Samuel L. Margolies was a master of intaglio printmaking technique who specialized in quiet, unpeopled landscapes and images of New York City's skyscrapers seen from dizzying heights. A native of Brooklyn, New York, Margolies studied in New York at the Cooper Union Art School and the venerable National Academy of Design, and privately with illustrator, painter, and printmaker Victor Semon Perard (1870-1957). He also attended the Beaux-Arts Institute of Design, a New York academy that attracted numerous immigrant and first-generation Americans aspiring to work in construction design trades. He began exhibiting his paintings there around 1927 and soon established a reputation for images of urban architecture and rural scenes in both oils and watercolors.
During the Great Depression of the 1930s, when many artists made prints in an effort to reach a wider audience through low-priced multiple artworks, Margolies turned seriously to etching. Working in a range of intaglio techniques, he became a master of the tonal medium of aquatint. His lonely images of the countryside and views of Manhattan's vast canyons from the daring viewpoint of high-rise construction workers captured the populist mood of the era. Margolies exhibited in numerous venues, mostly in New York, and reached a broad public through Associated American Artists, a gallery that published and marketed small editions of inexpensive prints, and the Miniature Print Club, which offered small collectibles.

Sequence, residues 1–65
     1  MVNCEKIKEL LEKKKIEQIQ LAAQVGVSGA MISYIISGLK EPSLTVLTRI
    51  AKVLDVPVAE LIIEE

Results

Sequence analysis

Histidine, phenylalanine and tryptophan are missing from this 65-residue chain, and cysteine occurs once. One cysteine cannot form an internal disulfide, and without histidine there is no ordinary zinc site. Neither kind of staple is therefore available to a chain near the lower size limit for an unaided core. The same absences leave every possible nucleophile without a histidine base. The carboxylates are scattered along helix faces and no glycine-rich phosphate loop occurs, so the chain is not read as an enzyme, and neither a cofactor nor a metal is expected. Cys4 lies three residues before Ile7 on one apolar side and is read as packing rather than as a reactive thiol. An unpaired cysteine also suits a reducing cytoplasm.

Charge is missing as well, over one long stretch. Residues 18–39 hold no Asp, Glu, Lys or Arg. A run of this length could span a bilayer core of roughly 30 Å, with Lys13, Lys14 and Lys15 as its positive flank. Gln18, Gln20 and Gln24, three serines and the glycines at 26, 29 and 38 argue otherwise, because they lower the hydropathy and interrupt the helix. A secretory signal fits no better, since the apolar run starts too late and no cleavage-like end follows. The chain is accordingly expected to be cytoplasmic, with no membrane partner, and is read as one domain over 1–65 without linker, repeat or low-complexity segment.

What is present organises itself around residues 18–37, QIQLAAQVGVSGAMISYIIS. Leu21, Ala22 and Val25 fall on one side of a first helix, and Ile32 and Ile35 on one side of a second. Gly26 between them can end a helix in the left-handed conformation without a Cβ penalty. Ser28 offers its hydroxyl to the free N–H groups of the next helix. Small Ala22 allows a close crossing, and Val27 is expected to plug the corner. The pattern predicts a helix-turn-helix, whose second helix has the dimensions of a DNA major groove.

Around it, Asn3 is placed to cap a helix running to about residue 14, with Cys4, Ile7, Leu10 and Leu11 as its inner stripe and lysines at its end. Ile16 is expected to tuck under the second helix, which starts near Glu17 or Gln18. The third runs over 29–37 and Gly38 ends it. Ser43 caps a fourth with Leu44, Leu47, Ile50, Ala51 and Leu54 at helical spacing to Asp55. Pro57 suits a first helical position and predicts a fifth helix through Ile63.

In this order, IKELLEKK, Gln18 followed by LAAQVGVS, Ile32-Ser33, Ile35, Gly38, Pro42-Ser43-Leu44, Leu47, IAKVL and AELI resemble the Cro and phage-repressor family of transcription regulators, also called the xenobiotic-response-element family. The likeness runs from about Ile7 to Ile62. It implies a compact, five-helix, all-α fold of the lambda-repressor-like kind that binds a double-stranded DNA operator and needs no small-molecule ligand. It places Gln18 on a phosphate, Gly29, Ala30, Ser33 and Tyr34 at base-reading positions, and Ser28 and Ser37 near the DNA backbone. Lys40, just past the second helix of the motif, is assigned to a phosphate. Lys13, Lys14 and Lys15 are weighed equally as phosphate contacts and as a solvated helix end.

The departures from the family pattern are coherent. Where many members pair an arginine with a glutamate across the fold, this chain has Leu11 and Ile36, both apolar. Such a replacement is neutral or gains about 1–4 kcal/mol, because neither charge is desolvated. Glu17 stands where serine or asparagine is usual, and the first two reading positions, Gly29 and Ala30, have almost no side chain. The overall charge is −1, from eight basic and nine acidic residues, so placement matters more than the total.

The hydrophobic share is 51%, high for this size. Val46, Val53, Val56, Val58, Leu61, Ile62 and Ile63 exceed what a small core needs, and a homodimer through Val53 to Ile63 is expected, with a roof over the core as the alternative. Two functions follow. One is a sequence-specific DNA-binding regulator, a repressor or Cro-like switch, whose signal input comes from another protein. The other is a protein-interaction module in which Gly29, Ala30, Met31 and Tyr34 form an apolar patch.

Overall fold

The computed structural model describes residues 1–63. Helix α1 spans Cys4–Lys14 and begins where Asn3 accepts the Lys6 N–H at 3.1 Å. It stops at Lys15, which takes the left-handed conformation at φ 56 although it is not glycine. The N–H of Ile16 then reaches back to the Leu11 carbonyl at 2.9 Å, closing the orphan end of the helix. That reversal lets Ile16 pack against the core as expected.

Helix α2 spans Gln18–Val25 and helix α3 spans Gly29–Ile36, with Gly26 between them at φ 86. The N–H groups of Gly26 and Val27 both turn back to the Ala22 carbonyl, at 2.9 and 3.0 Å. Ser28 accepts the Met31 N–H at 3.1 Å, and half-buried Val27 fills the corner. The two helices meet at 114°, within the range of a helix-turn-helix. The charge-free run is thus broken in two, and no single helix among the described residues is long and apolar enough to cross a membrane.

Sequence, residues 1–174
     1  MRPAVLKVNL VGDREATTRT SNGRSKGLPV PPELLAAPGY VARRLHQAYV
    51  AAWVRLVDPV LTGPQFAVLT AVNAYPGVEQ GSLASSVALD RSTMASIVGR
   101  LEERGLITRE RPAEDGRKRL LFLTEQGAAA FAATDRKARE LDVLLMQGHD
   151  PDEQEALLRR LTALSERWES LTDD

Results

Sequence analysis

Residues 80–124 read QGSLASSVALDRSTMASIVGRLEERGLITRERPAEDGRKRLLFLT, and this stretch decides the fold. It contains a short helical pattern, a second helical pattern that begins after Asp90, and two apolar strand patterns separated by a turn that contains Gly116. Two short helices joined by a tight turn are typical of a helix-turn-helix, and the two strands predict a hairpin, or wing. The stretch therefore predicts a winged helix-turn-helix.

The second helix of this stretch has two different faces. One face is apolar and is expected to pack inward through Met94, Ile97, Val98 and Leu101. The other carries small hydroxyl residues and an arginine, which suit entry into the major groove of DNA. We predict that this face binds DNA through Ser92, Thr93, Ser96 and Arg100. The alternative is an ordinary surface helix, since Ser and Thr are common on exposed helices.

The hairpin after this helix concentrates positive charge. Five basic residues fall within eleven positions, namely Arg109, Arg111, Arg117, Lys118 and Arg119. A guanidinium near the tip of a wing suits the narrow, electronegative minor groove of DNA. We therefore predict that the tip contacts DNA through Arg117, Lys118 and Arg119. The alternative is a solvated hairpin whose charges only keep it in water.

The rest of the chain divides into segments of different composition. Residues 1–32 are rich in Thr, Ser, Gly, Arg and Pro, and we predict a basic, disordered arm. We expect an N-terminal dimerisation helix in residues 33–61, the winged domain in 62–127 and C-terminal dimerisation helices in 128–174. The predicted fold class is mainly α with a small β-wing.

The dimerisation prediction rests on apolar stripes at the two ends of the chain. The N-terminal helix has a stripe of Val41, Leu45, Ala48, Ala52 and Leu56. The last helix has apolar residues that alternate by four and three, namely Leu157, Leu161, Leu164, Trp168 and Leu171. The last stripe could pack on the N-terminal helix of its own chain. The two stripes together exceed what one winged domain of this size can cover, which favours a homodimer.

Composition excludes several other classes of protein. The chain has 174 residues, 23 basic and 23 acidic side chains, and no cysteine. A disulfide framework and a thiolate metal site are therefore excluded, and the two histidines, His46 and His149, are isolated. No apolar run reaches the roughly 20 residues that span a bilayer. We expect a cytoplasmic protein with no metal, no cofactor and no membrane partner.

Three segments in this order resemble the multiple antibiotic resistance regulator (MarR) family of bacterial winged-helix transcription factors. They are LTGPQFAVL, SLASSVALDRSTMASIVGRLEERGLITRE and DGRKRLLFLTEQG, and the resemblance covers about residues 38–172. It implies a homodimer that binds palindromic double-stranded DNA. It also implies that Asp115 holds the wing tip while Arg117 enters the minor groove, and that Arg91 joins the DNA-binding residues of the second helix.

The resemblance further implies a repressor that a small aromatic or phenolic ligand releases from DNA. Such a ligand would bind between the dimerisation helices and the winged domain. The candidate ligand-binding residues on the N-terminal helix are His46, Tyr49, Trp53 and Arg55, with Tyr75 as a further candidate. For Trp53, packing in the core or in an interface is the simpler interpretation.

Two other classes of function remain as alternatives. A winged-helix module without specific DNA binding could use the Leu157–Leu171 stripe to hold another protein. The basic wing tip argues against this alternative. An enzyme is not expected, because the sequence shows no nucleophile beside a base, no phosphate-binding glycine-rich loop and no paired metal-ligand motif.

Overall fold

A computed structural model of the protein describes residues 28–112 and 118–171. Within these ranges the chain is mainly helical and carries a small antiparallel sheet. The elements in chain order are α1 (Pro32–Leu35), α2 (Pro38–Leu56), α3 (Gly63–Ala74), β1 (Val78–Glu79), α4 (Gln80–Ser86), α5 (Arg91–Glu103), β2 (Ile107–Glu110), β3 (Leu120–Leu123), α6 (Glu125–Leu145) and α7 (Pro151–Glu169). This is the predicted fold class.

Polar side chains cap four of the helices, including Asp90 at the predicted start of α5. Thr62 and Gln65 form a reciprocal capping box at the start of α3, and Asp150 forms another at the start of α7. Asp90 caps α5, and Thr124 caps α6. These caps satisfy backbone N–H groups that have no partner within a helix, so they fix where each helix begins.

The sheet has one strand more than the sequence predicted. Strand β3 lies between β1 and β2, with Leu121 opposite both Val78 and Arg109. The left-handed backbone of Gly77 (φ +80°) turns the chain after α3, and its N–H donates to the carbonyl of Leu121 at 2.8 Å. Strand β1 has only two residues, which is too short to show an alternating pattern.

In 1935 Margolies joined the Federal Art Project of the Works Progress Administration (WPA), a depression-era government relief program, and he served as an instructor in its Art Teaching Division. He was active in a number of artists' organizations, including the Society of American Etchers and the Queensboro Society of Allied Arts and Crafts in his native Brooklyn. His etchings were displayed in the New York World's Fair in 1939. That year, he left the WPA to work as a circuit designer for the Bundy Corporation, but he continued to work as an etcher into the early 1940s. In the 1950s, he conducted classes in etching, although by that date he appears to have ceased making original prints. Margolies is remembered today as one of a host of talented depression-era American artists whose representational prints record the realities of contemporary life.
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